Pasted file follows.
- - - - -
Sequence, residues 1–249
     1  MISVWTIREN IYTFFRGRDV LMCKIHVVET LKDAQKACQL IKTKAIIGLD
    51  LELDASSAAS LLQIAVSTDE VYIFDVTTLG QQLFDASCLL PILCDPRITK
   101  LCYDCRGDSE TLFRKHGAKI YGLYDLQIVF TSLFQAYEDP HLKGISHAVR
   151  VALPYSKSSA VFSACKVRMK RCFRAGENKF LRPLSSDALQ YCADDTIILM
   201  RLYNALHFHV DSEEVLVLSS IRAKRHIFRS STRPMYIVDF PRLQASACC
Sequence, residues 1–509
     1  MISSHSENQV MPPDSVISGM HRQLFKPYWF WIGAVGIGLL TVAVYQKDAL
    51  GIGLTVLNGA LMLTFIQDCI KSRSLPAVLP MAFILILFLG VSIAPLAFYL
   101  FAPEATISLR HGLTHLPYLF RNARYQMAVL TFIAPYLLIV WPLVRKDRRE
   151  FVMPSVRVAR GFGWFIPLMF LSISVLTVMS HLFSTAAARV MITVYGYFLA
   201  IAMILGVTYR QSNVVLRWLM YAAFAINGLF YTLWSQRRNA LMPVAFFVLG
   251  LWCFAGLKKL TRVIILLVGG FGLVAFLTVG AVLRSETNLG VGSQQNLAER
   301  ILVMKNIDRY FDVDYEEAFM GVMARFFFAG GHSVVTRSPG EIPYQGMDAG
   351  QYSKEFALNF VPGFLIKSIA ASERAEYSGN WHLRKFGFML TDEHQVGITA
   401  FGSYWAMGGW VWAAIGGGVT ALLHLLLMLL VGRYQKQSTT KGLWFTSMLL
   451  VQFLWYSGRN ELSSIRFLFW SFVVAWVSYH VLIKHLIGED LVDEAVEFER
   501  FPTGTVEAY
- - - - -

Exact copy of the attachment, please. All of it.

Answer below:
Sequence, residues 1–249
     1  MISVWTIREN IYTFFRGRDV LMCKIHVVET LKDAQKACQL IKTKAIIGLD
    51  LELDASSAAS LLQIAVSTDE VYIFDVTTLG QQLFDASCLL PILCDPRITK
   101  LCYDCRGDSE TLFRKHGAKI YGLYDLQIVF TSLFQAYEDP HLKGISHAVR
   151  VALPYSKSSA VFSACKVRMK RCFRAGENKF LRPLSSDALQ YCADDTIILM
   201  RLYNALHFHV DSEEVLVLSS IRAKRHIFRS STRPMYIVDF PRLQASACC
Sequence, residues 1–509
     1  MISSHSENQV MPPDSVISGM HRQLFKPYWF WIGAVGIGLL TVAVYQKDAL
    51  GIGLTVLNGA LMLTFIQDCI KSRSLPAVLP MAFILILFLG VSIAPLAFYL
   101  FAPEATISLR HGLTHLPYLF RNARYQMAVL TFIAPYLLIV WPLVRKDRRE
   151  FVMPSVRVAR GFGWFIPLMF LSISVLTVMS HLFSTAAARV MITVYGYFLA
   201  IAMILGVTYR QSNVVLRWLM YAAFAINGLF YTLWSQRRNA LMPVAFFVLG
   251  LWCFAGLKKL TRVIILLVGG FGLVAFLTVG AVLRSETNLG VGSQQNLAER
   301  ILVMKNIDRY FDVDYEEAFM GVMARFFFAG GHSVVTRSPG EIPYQGMDAG
   351  QYSKEFALNF VPGFLIKSIA ASERAEYSGN WHLRKFGFML TDEHQVGITA
   401  FGSYWAMGGW VWAAIGGGVT ALLHLLLMLL VGRYQKQSTT KGLWFTSMLL
   451  VQFLWYSGRN ELSSIRFLFW SFVVAWVSYH VLIKHLIGED LVDEAVEFER
   501  FPTGTVEAY